Bridling Bugbears

Thoughts about bits and bridles, and problems that can occur.

Horses can have issues being bridled for a number of reasons. They are naturally sensitive around the ears and can develop issues through bad handling or poorly fitting equipment. It is also worth checking that your horse doesn’t have any skin condition in or around the ears as this can increase their sensitivity in the area.

The key to good handling around the head is being careful and steady regardless of what the horse does. If you introduce a bridle and your horse lifts their head, stop advancing and wait for your horse to lower it. When they do, take the bridle away let them reflect and try again. You also need to have control of your horse’s feet so you can easily reposition them if they move to evade the bridle. Being able to bend your horse’s neck and head around to each side without them moving their feet is also a very useful tool.

Helping a horse that is difficult to bridle usually takes between a week to a month depending on the severity, but some horses will always need careful handling. It makes great sense therefore to teach a young horse correctly from the get go – it will be a matter of a few days before they are accepting a bit and bridle like an old pro! If your horse opens their mouth when being ridden or gets their tongue over the bit, they are likely trying to evade the action of the bit. The first thing to do is to get a qualified horse dentist or vet to check their teeth. If there is no physiological problem you need to go back to the start of teaching your horse to accept the bit and help them re build their trust in it.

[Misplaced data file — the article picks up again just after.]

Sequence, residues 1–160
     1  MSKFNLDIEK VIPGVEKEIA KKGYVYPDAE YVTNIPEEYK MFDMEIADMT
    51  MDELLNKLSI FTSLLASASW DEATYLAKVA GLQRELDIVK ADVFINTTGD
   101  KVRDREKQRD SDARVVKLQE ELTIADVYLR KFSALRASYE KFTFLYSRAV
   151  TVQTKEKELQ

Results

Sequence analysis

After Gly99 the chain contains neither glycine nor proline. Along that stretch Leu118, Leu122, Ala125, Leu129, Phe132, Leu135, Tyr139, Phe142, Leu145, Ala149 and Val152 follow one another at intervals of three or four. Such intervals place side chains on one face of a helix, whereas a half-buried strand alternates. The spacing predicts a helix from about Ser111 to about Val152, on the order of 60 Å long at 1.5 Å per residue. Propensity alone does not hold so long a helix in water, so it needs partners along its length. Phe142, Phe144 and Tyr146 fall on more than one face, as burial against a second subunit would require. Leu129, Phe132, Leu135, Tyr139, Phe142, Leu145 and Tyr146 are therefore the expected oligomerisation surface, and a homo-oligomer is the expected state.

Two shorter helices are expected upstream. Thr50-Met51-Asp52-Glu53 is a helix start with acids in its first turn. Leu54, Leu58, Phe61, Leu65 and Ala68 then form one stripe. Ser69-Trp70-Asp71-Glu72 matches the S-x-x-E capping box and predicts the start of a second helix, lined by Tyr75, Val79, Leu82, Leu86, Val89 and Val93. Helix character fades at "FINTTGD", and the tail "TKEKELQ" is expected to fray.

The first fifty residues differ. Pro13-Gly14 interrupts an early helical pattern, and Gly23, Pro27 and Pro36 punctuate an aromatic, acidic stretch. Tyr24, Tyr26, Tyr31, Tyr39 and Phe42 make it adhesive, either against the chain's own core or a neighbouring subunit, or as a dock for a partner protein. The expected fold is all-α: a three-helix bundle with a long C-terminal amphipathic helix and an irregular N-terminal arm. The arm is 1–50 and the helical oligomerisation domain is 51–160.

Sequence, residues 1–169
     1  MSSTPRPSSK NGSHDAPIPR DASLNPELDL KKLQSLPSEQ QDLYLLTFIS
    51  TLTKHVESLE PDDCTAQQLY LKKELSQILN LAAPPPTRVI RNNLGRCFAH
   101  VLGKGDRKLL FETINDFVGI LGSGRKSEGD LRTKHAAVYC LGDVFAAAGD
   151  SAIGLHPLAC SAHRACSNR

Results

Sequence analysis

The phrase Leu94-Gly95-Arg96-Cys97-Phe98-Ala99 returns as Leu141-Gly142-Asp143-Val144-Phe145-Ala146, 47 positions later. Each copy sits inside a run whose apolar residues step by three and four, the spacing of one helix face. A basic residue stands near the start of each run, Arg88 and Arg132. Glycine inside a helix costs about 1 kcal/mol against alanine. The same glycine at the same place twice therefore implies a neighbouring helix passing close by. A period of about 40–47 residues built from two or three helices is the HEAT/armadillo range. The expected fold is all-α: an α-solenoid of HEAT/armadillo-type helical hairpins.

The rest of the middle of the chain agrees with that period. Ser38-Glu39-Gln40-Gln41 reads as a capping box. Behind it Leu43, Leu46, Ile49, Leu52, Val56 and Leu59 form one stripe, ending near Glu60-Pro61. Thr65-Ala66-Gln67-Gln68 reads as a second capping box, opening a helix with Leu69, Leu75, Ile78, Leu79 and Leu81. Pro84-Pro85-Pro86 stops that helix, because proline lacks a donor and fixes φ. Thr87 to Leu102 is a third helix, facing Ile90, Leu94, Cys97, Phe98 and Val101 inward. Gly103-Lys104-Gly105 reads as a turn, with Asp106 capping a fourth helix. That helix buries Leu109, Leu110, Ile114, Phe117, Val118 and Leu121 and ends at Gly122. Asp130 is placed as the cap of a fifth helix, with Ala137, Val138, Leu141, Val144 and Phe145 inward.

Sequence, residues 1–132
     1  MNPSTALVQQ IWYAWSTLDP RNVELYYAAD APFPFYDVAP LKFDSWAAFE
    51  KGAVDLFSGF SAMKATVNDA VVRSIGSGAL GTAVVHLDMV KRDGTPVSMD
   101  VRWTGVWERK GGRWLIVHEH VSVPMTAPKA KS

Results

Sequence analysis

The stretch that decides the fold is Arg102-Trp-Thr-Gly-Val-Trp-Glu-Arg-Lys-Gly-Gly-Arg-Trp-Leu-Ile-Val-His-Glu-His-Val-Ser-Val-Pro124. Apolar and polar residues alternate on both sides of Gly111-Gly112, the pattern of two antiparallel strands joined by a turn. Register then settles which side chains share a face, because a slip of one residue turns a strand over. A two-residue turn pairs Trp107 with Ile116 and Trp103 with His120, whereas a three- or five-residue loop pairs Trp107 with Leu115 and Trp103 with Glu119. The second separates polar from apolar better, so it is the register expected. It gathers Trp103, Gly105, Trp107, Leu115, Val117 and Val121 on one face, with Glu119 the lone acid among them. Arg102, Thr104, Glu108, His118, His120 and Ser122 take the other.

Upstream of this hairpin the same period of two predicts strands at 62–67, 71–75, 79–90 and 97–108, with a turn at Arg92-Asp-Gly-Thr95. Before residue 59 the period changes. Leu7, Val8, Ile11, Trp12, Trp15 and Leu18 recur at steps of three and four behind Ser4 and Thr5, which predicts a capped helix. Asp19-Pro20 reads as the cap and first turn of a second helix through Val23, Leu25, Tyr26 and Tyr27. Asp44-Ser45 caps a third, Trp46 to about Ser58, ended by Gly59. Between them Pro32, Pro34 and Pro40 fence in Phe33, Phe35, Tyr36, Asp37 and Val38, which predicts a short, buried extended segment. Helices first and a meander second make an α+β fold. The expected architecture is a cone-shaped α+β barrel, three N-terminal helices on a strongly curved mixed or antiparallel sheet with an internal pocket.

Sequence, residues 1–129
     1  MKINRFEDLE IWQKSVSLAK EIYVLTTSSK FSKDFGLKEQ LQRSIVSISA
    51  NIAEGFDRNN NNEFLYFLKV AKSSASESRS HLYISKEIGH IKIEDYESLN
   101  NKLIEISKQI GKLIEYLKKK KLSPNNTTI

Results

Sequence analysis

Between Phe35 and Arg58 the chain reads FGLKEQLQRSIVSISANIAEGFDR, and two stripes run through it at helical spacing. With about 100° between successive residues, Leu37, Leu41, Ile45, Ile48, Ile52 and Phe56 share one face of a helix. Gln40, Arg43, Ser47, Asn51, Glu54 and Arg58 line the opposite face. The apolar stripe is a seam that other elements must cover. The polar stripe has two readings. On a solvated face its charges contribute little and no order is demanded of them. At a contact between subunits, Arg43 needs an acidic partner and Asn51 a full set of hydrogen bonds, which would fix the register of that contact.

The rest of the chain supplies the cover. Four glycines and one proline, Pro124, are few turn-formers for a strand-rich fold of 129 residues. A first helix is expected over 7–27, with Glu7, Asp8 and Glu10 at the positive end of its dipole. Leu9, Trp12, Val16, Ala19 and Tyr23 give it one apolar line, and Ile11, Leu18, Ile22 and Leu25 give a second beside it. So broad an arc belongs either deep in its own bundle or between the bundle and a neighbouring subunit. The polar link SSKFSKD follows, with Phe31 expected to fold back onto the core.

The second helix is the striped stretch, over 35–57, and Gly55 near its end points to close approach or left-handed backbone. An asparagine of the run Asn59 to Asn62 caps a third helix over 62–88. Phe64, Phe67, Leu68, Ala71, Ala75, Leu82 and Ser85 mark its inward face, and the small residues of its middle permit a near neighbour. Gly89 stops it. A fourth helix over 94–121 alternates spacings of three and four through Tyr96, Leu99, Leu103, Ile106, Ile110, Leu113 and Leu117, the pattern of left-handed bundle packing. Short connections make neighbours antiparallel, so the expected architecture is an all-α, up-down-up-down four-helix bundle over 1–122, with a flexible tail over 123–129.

Start by putting the bit in so it is half an inch from the corners of their mouth for an hour or so a day – you could even feed them in it. Putting some Vaseline at the corners of their mouth can help make it more comfortable. After a few days of this you will notice that your horse is tending to ‘hold’ the bit in their mouth rather than letting it hang so they can open their mouth.

Horses that put their tongue over the bit will need some experimentation with different bits. I might use a bit which allows room for the tongue or has a roller as a lozenge. These types of bits are a good starting point for any horse. I do not rush to put a flash noseband or similar on as strapping a horse’s mouth shut isn’t fixing any problems, just masking them. I have found young horses do fiddle with the bridle for a while but as they gain confidence and become more balanced and learn to give to bit pressure they soon relax in the mouth.

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